I had some time to kill while waiting for my car to be serviced and since I was close to City Hall, I dropped in on the archives. I only had a short time there but took a look as some old maps while I was in there.
The pictures are all from BC Archives .Gorge park had a loop turnaround for the streetcars.
I had no idea that BC Electric operated a yard for streetcars at Burnside and Harriet. The location is now a series of houses and a 7-11.
This is one of the series pictures from the end of the streetcar era in 1948. In looking through a lot of the pictures of the streetcars in Victoria from the 1890s to the 1940s, one thing I see that changes over that time is the typical traffic on the street. Before World War 2 the number of private cars is very limited, but by as early as 1948 there is an explosion of cars.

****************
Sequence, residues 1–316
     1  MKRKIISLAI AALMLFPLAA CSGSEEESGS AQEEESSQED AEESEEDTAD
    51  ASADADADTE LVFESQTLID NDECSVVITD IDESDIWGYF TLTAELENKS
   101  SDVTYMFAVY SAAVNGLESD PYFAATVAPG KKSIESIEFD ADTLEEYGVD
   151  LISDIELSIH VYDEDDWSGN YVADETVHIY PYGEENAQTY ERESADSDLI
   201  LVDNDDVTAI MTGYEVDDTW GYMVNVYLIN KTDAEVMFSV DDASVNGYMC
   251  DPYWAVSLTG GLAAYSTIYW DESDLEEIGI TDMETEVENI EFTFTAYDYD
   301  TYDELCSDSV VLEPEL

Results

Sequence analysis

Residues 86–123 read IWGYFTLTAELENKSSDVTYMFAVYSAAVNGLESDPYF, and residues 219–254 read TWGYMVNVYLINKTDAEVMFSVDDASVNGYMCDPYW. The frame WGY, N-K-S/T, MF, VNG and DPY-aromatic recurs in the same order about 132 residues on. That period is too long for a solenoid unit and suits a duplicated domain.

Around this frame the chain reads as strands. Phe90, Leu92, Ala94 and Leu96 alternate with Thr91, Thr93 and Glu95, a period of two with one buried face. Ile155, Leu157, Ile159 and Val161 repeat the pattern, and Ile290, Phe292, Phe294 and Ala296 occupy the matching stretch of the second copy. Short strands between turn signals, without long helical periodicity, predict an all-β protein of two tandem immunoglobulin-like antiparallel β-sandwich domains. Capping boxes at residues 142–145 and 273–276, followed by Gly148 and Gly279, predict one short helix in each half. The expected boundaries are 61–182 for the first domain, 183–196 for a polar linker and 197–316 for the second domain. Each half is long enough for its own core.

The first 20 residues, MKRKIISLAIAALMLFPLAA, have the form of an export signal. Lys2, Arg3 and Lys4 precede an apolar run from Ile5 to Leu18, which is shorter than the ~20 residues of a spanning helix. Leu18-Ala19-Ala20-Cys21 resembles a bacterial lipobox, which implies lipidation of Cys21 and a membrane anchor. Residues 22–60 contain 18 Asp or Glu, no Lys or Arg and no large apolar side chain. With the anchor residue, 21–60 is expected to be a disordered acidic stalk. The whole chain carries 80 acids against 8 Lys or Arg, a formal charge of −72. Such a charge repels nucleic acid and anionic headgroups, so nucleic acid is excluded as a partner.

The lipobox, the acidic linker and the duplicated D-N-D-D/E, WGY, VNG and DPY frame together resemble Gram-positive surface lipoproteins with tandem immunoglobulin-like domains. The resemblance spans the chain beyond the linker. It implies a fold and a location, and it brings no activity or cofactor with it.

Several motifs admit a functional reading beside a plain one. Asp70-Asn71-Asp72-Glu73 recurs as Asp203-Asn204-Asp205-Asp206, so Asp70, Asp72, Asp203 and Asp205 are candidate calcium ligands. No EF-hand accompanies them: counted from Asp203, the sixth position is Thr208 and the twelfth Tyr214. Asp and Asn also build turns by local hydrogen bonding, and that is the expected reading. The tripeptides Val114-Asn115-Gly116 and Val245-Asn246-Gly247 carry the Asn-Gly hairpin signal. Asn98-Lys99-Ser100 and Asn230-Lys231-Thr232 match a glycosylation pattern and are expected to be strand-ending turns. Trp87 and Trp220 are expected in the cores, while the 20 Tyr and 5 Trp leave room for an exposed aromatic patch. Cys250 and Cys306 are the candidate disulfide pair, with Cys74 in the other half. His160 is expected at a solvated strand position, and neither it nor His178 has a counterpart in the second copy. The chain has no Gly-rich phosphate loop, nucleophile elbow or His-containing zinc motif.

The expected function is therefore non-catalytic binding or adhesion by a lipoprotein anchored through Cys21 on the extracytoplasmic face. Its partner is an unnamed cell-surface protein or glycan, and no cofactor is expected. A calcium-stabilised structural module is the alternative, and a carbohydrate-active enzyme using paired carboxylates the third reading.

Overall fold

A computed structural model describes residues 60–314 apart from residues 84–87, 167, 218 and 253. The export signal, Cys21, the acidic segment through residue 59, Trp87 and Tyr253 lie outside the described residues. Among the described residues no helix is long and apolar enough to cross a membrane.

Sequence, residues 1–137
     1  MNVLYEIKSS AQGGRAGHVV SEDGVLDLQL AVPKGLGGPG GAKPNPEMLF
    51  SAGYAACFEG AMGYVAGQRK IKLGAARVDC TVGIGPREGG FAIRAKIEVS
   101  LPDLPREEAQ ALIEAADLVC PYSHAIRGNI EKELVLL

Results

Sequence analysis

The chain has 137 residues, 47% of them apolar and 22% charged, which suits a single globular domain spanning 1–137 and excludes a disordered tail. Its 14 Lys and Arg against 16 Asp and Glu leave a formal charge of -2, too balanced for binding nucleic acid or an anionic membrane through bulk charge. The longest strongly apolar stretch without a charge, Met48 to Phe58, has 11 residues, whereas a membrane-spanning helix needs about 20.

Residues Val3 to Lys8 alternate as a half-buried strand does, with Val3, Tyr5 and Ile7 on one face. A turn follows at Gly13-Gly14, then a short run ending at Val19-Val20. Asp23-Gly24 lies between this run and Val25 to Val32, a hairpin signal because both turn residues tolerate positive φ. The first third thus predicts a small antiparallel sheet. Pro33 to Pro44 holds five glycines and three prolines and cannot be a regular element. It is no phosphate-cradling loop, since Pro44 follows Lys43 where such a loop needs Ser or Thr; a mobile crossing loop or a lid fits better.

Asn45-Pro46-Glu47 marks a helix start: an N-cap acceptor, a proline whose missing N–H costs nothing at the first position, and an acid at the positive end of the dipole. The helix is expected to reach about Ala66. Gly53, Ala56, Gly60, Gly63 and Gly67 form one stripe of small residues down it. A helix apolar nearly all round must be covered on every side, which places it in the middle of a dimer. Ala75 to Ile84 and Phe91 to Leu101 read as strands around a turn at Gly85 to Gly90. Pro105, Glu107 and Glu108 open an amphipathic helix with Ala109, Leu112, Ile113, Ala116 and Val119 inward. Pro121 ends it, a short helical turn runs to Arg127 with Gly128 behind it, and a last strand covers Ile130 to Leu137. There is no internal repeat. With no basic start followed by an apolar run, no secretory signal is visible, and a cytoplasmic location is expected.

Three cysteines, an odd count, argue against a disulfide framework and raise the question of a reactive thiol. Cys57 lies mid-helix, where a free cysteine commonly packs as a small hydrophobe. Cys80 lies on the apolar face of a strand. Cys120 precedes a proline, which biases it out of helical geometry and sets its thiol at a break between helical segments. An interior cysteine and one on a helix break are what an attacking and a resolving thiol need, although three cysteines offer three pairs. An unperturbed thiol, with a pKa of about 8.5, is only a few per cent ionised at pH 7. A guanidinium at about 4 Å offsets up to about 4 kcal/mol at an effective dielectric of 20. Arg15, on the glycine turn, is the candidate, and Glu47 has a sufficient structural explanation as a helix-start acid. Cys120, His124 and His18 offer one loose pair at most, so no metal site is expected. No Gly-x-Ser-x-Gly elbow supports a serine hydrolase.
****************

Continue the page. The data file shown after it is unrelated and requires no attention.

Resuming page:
In cities that have streetcars and cars sharing the roads, the traffic intrusion of the streetcar is much higher than what would happen with a bus.
This phot being the process used to remove the tracks from the streets. It is sad to see something cool like streetcars no longer with us, but they simply do not mix well with other road uses and can not be used in a versatile way as a bus can.
Having ridden a bike in a city that has streetcars I can tell you the tracks are a cyclists nightmare. They are traps waiting to either break some spokes if you are lucky to horribly flip you through the air.
I can imagine what would happen if anyone seriously suggested bring back streetcars. The shop owners along the route would scream about the loss of trade due to the construction. The people living along the route would complain about the noise - steel on steel on a curve typically has a nasty high pitched metal scrapping noise. And finally people would scream about the ugliness of the overhead wires needed.